v Howevenias casing 16 similarly increases in temperature it expands linearly and radially to an extent substantially greater than core member 11. At such time the compressed resilient material such as 21 surrounding core member 11 expands to allow for such difference in radial expansion and, thereby, hold core memin contact with surfaces 19a and 20a of rings or washers 10 and 20, respectively. However, the bimetal construction of annuluses 17 and 18, which also increase in temperature along with casing 16, causes the high temperature coefiicient of thermal expansion parts 17b and 18b of annuluses l7 and 18 to expand to a greater extent than the low coefficient parts 17a and 18a of said annuluses, and portions 17d and 18d of the annuluses therefore move, as indicated by the curved broken lines in FIGS. 3 and 4, to maintain said contacting surfaces or points l7e and 1&2 of annuluses 17 and 18, respectively, in firm compressive contact with surfaces 19a and 20a of rings 19 and 20, as indicated by the straight broken lines in FIGS. 3 and 4. This, in turn, maintains surfacesl9b and 20b of said rings in firm compressive contact with the aforesaid outer annular portions of ends 110 and 11b of core member 11 since rings or washers 19 and 20 are not attached to anything and are, therefore, free to move within casing 16. Thus, as the converter 10 is subjected to various heat conditions by exhaust gases flowing therethrough (or lack of flow of such gases) the compressible resilient stainless steel wire mesh, such as 21, or similar compressible material provided in the space surrounding core member 11 between the periphery of such member and the inner surface of casing 16, somewhat constrains the radial expansion of core member 11 while maintaining such core member centered within casing 16. Similarly, the bimetal annuluses l7 and 18, maintain an axial compressive force on rings or washers l9 and and, thereby, on at least a part of core member 11 as mentioned above.
It is pointed out that both of said annuluses l7 and 18 need not necessarily be a laminated bimetallic structure but that only one of such annuluses could be such a structure while the other annulus is a resilient annulus of a single thickness of a metallic material. Under such conditions the single bimetallic annulus would be intended to compensate for the differences in thermal expansions between the material of core member 11 and the material of the casings to the converter as will be readily apparent from the foregoing operational example.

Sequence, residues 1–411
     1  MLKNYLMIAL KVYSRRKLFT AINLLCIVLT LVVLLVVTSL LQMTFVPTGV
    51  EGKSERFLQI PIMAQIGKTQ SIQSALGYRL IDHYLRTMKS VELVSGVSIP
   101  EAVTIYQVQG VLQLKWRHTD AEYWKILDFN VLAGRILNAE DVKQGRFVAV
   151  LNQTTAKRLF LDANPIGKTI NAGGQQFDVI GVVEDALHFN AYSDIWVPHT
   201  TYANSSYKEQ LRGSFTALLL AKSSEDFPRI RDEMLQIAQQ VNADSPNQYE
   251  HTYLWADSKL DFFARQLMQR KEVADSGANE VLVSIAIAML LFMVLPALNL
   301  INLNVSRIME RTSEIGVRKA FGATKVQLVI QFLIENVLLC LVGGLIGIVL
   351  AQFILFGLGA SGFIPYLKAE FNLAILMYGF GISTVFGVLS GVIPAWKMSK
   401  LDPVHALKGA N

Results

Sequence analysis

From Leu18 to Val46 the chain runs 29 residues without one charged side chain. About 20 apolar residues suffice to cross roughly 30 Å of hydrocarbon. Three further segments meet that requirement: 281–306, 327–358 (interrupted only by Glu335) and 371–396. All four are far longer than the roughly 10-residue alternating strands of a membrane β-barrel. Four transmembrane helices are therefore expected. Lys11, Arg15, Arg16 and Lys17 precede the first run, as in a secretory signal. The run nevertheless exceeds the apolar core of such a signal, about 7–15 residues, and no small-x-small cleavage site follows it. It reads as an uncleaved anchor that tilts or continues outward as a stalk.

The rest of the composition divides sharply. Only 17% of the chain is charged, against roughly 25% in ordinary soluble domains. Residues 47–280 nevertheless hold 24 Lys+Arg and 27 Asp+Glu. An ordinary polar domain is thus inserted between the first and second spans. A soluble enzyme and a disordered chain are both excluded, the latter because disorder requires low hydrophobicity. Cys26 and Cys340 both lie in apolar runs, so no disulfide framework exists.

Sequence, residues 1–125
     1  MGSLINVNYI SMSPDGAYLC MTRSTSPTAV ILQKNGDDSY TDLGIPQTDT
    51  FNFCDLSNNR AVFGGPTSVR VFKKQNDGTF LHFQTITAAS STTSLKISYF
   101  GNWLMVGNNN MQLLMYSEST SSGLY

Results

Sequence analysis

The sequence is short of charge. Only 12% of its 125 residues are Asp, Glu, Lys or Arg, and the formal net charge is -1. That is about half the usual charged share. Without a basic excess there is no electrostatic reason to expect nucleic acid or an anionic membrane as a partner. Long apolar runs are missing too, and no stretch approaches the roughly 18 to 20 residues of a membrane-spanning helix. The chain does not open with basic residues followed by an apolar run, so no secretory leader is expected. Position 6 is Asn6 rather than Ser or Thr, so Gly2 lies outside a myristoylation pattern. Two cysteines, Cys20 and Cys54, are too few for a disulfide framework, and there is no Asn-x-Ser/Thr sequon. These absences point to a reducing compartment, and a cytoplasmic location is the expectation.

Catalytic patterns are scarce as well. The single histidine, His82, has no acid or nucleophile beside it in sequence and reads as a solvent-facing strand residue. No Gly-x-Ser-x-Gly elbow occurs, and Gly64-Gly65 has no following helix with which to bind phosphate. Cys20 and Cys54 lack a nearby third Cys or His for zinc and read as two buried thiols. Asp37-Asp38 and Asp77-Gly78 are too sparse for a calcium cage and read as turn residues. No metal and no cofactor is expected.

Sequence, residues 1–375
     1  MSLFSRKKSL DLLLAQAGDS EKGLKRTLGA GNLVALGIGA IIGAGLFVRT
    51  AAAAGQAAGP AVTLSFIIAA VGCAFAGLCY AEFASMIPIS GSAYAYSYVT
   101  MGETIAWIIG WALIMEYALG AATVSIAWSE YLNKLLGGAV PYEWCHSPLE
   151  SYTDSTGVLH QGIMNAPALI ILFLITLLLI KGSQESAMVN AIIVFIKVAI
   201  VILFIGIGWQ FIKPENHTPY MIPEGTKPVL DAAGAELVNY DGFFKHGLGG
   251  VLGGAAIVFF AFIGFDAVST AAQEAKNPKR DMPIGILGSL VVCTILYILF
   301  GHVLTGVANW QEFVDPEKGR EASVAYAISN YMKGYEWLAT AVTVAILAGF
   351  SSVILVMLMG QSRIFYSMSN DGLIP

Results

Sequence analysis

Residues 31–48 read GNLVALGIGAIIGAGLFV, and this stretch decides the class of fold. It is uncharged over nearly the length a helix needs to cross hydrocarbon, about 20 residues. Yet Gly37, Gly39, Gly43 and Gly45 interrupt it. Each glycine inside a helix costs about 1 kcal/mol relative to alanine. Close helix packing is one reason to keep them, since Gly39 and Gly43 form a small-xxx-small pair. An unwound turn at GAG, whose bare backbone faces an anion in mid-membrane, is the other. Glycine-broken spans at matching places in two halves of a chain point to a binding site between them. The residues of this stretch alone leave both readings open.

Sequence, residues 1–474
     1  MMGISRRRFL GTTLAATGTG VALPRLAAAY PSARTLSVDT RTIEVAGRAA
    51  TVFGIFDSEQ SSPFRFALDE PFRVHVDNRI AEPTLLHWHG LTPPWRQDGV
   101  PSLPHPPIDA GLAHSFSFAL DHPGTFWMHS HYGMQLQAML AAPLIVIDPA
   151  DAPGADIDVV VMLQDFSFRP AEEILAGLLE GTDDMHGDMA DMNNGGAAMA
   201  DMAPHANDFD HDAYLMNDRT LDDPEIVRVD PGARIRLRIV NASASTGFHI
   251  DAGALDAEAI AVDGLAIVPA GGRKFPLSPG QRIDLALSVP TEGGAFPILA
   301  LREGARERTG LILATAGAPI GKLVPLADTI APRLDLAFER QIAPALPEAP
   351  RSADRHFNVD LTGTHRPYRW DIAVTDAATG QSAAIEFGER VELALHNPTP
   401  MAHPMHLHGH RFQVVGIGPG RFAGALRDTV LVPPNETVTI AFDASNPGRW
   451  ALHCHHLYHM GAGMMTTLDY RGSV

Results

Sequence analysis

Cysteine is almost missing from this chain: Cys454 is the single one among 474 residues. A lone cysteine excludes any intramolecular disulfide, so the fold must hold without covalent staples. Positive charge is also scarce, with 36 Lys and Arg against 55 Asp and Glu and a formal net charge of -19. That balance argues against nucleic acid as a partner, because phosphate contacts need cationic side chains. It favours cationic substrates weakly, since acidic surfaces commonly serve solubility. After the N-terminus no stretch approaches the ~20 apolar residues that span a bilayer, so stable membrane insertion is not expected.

Although there is herein shown and described in detail only one form of a catalytic converter embodying the invention, it will be understood that various changes and modifications may be made therein within the purview of the appended claims without departing from the spirit and scope thereof.
What is claimed is:
l. A catalytic converter comprising in combination; a cylindrical core member of a refractory ceramic material, a cylindrical metallic casing surrounding the outer periphery of said core member and greater in length than such member with an annular space provided between the inner peripheral surface of the casing and said outer periphery of the core member, and first and second oppositely disposed and generally funnel shaped metallic casings, such casings having large open ends attached to the ends of said cylindrical casing and smaller open ends forming inlet and outlet conduits for the exhaust gases from an internal combustion engine; means for supporting said core member within said cylindrical casing to compensate for differences in thermal expansion of the core member and said casings when exhaust gases flow froman internal combustion engine through the converter from said inlet conduit to said outlet conduit, said means comprising;
A. a pair of first and second flat metallic rings corresponding in outer periphery to said inner peripheral surface of said cylindrical casing and snugly and slidably disposed in first and second ends thereof with a first flat surface of said first and second rings in contact with outer annular portions of first and second ends, respectively, of said core member;
B. a pair of first and second bimetal annuluses each comprising a pair of joined inner and outer metal parts having substantially dissimilar temperature coefficients of thermal expansion and each annulus including a cylindrical portion fixedly attached to the inner surface of said cylindrical casing adjacent first and second ends thereof, respectively, and portions which extend radially inwardly towards the centers of each respective annulus to firmly contact the second surface of said fiat ring in the respectively associated end of the cylindrical casing, said metal part which is said outer metal part of each said annulus having a lower temperature coefficient of thermal expansion than said metal part which is said inner metal part of each said annulus.